AROUND this time in every presidency there begins a great reckoning - or, more precisely, a great conversation about a great reckoning. In the West Wing, in the Oval Office and even in the private residential quarters, the subject is unavoidable: How is history going to rate the president?
There is only one reliable answer: Often.
Historians, columnists, and politicians are obsessed with presidential rankings, maybe because it is one of the very few areas where there is no reliable answer and where the verdict changes with the times. More than a half-century ago, for example, a group of scholars ranked Andrew Johnson 19th best. The latest rankings, just out, put him at 37th. (I'd rank him below 40th, if you're keeping score at home.)
What happened in the last 50 years to explain the precipitous drop in the way the first President Johnson is viewed? Maybe the thousands of books about the Civil War and Reconstruction, maybe the civil rights movement. And in the end it may not matter a whole lot whether Franklin Pierce, who bungled the run-up to the Civil War, or Andrew Johnson, who bungled the period just after the war, was a worse president. They were both execrable.
For years conservatives complained that presidential rankings were dominated by the very liberals who controlled the universities and the news media, and thus Americans were looking at their history, and choosing their heroes, through pink-colored lenses. So the Wall Street Journal and the Federalist Society, no avatars of liberalism, engaged James T. Lindgren of the Northwestern University Law School to conduct his own poll - one which strived to balance liberals and conservatives and give an average ranking.
Mr. Lindgren's poll, a survey of 85 historians, political scientists, and economics and law professors chosen to ensure ideological balance, produced a ranking, at least at the top, where the heroes are made, that isn't all that different from the ratings developed by that symbol of liberalism, the historian Arthur M. Schlesinger, in 1948. The top three in the Schlesinger rankings were Abraham Lincoln, George Washington, and Franklin D. Roosevelt.
The top three in the Lindgren rankings were Washington, Lincoln, and FDR.
So at the very least we can agree that Americans have settled on something of a trinity, and if you think about it you may conclude that the top three have a number of things in common. They all presided over times of great change. They all governed in periods of great threat. They all saved the country at a time when it was not completely clear that the country could be saved.
Bill Clinton (ranked No. 22 in the new survey) spent more time than any recent president worrying about how he'd be viewed in the future, and he came to what was, for him, a gloomy conclusion. Serve in the White House where the challenges aren't great and the chances aren't great that you'll be remembered as great. As proof, you might consider Benjamin Harrison, ranked at No. 30.
The president who gives the lie to that calculus is Dwight D. Eisenhower, who turns up as No. 8 (two ahead of Andrew Jackson) in the new survey.
A generation ago you couldn't find many votes for Ike as a great president, but recent scholarship has determined that there was more meaning to his mumble than anyone believed at the time. His revival is one of the great posthumous achievements in American history - and a redemption of the final line of the "Checkers speech," made by Richard Nixon, who at No. 32 in the new rankings, is still awaiting his own revival: "Folks, he is a great man, and a vote for Eisenhower is a vote for what is good for America."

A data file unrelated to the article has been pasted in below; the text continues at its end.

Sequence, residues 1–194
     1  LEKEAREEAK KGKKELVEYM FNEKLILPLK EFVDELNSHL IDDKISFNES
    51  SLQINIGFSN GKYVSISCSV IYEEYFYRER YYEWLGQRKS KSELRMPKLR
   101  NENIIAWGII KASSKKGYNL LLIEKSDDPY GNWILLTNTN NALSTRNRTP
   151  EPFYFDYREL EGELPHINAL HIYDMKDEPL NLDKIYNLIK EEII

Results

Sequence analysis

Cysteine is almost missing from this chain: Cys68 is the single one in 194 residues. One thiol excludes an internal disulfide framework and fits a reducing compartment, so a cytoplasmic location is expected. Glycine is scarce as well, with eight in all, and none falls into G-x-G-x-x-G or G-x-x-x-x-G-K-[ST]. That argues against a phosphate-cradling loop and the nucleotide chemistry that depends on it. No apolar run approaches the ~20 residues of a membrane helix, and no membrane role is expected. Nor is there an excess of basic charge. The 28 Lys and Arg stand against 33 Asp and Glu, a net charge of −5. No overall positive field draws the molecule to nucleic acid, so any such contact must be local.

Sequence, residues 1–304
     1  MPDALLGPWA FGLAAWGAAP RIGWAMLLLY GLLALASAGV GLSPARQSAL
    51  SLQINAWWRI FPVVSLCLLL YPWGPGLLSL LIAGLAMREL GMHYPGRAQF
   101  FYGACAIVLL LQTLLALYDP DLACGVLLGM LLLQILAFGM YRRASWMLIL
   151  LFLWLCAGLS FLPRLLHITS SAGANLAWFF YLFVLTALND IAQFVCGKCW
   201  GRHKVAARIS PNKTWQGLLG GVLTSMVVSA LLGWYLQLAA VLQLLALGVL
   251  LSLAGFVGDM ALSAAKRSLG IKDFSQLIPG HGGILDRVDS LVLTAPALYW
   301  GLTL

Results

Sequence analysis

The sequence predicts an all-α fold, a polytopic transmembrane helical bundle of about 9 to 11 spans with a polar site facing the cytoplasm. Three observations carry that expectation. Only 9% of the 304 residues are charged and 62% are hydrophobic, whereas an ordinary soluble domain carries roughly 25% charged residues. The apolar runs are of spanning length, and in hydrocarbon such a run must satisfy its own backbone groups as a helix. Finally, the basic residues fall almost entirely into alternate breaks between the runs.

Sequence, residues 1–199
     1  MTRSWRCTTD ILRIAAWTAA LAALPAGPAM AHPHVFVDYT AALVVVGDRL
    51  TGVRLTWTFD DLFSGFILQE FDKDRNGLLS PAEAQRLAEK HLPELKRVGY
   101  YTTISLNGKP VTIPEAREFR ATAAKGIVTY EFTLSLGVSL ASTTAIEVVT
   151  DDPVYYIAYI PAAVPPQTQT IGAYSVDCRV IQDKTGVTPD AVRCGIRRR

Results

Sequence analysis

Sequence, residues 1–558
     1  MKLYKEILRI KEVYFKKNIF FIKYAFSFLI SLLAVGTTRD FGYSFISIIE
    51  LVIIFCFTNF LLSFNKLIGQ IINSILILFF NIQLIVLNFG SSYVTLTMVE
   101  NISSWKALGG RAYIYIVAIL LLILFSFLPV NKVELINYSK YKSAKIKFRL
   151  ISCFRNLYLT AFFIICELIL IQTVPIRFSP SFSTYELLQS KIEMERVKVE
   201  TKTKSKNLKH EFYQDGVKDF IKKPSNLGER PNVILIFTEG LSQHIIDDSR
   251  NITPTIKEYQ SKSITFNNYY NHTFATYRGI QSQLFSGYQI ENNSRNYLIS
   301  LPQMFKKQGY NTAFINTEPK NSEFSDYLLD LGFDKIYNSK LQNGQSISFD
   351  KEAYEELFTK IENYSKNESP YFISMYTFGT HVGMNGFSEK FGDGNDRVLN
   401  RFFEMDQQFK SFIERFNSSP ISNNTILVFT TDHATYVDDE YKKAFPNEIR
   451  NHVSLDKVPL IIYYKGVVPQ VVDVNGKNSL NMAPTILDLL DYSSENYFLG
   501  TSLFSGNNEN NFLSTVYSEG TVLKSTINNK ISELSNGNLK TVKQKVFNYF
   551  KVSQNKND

One of the curiosities of these rankings is how the second president has fared. The conventional wisdom on the street (maybe not on the street, but surely in the stacks or in the lounges of the great history departments in America) is that the popular historian David McCullough singlehandedly has rediscovered John Adams and, in a book that sold a million copies in hardcover, performed the miracle act of reviving his reputation. Maybe not.
The 1948 rankings by Mr. Schlesinger, so often derided as tinged with pro-liberal bias, put the president who signed the Alien and Sedition Acts, so hated by liberals, at No. 9. The new rankings produced for the Wall Street Journal and the Federalist Society find him resting comfortably at 13.
Let's not buy the argument that passions have cooled on Herbert Hoover. In 1948, only two decades from the onset of the Great Depression, the Great Engineer was ranked No. 20. The new rankings, based on a survey earlier this year, put him at 31. Nine presidents who served since the original Schlesinger reckoning outrank him, so Hoover has made essentially no progress.
Professor Schlesinger's son, Arthur M. Schlesinger, Jr., repeated his father's exercise in 1996 and found Ronald Reagan in 25th place. The new ratings place him at No. 6; even Democrats placed him in 14th place. The current President Bush ranks 19th, just below Lyndon B. Johnson, but would have placed higher had it not been for the votes of economists, even conservatives, who gave him low ratings.
"This is something more than a parlor game and something less than a good evaluation of presidents,'' says Mr. Lindgren. "It helps the general public understand where the academic consensus is moving. And for academics, it helps to remind them to reconsider some presidents."
Some of this reconsideration is well under way, and the prime example is Ulysses S. Grant. The 1948 survey placed him fourth from the bottom. The new survey ranks him at No. 29. What changed? A new regard for Grant's economic policies, perhaps, or a new understanding of his open-mindedness on civil rights.
Maybe it is just a new appreciation, even at this distance, of his role in the Civil War. The past doesn't change. Our view of it is always changing.
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